May 23, 1857

23 May 1857


Entered according to Act of Congress, in the year 1855, by ROBERT BONNER, in the Clerk's Office of the District Court for the Southern District of New York.


Courtship and marriage, servants and children, these are the great objects of a woman's thoughts, and they necessarily form the staple topics of their writings and their conversation. We have no right to expect anything else in a woman's book.—N.Y. Times.

Is it in feminine novels only that courtship, marriage, servants, and children are the staple? Is not this true of all novels?—of Dickens, of Thackeray, of Bulwer and a host of others? Is it peculiar to feminine pens, most astute and liberal of critics? Would a novel be a novel if it did not treat of courtship and marriage? and if it could be so recognized, would it find readers? When I see such a narrow, snarling criticism as the above, I always say to myself, the writer is some unhappy man, who has come up without the refining influence of mother, or sister, or reputable female friends; who has divided his migratory life between boarding-houses, restaurants, and the outskirts of editorial sanctums; and who knows as much about reviewing a woman's book, as I do about navigating a ship, or engineering an omnibus from the South Ferry, through Broadway, to Union Park. I think I see him writing that paragraph in a fit of spleen—of male spleen—in his small boarding-house upper chamber, by the cheerful light of a solitary candle, flickering alternately on cobwebbed walls, dusty wash-stand, begrimed bowl and pitcher, refuse cigar stumps, boot-jacks, old hats, buttonless coats, muddy trousers, and all the wretched accompaniments of solitary, selfish male existence, not to speak of his own puckered, unkissable face; perhaps, in addition his boots hurt, his cravat-bow persists in slipping under his ear for want of a pin, and a wife to pin it, (poor wretch!) or he has been refused by some pretty girl, as he deserved to be, (narrow-minded old vinegar-cruet!) or snubbed by some lady authoress; or, more trying than all to the male constitution, has had a weak cup of coffee for that morning's breakfast.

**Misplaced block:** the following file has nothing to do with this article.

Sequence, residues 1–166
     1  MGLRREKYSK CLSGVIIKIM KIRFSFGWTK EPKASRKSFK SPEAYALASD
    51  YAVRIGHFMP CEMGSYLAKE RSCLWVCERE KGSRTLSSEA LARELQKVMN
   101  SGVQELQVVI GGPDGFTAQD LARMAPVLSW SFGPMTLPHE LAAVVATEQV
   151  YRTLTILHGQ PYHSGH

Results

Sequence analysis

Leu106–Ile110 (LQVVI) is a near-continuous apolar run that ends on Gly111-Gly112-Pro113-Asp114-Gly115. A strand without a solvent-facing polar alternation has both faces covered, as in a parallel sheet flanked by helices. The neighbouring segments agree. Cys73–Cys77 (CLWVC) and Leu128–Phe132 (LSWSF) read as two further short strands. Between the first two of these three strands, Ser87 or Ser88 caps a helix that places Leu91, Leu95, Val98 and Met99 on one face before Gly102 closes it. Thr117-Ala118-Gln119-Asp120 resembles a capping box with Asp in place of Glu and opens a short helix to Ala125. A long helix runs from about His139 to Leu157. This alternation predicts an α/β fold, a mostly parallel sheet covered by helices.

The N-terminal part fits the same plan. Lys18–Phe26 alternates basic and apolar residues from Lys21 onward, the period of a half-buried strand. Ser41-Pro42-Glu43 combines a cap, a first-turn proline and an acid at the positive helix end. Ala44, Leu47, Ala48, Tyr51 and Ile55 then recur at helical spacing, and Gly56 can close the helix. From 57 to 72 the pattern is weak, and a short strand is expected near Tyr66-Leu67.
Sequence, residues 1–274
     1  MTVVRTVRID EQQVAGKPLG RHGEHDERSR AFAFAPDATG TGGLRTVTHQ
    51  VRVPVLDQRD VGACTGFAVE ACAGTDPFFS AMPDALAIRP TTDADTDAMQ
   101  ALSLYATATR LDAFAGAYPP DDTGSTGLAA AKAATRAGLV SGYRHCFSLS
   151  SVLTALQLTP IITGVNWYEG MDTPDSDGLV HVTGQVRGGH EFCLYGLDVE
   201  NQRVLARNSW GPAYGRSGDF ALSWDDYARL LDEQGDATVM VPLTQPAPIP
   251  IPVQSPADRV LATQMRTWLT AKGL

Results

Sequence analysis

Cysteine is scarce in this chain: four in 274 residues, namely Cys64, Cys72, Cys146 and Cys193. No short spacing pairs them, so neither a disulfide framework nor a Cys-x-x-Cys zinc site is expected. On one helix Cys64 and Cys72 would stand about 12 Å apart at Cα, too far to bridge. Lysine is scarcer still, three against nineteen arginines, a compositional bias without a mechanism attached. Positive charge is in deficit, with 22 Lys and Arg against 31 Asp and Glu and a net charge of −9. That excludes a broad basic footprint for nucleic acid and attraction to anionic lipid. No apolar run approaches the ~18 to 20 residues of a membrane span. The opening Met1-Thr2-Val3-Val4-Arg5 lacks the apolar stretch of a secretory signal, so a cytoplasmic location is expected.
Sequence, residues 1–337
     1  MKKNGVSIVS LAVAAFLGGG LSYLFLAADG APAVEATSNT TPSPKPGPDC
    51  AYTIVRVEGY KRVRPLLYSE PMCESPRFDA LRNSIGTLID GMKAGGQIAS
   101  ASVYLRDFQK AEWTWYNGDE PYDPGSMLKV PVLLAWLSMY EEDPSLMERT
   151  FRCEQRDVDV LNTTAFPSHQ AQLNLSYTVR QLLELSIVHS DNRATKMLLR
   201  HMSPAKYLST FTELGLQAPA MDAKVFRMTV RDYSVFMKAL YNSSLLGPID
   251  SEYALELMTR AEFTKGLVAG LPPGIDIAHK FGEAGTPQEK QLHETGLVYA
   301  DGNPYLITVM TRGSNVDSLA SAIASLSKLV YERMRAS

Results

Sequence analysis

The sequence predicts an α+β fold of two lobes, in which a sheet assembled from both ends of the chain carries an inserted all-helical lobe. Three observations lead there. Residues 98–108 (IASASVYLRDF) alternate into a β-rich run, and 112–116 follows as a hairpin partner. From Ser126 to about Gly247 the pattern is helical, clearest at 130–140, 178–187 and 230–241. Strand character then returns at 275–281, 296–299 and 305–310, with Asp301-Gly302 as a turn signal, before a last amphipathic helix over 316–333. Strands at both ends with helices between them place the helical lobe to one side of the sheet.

But seriously—we have had quite enough of this shallow criticism (?) on lady-books. Whether the book which called forth the remark above quoted, was a good book or a bad one, I know not: I should be inclined to think the former from the dispraise of such a pen. Whether ladies can write novels or not, is a question I do not intend to discuss; but that some of them have no difficulty in finding either publishers or readers, is a matter of history; and that gentlemen often write over feminine signatures would seem also to argue that feminine literature is, after all, in good odor with the reading public. Granting that lady-novels are not all that they should be—is such shallow, unfair, wholesome, sneering criticism (?) the way to reform them? Would it not be better and more manly to point out a better way kindly, justly, and, above all, respectfully? or—what would be a much harder task for such critics—write a better book!

Source Text:

Fanny Fern, "Male Criticism on Ladies' Books," The New-York Ledger (23 May 1857): 4

To cite this project:

Fanny Fern, "Male Criticism on Ladies' Books," Fanny Fern in The New York Ledger, Ed. Kevin McMullen (2018)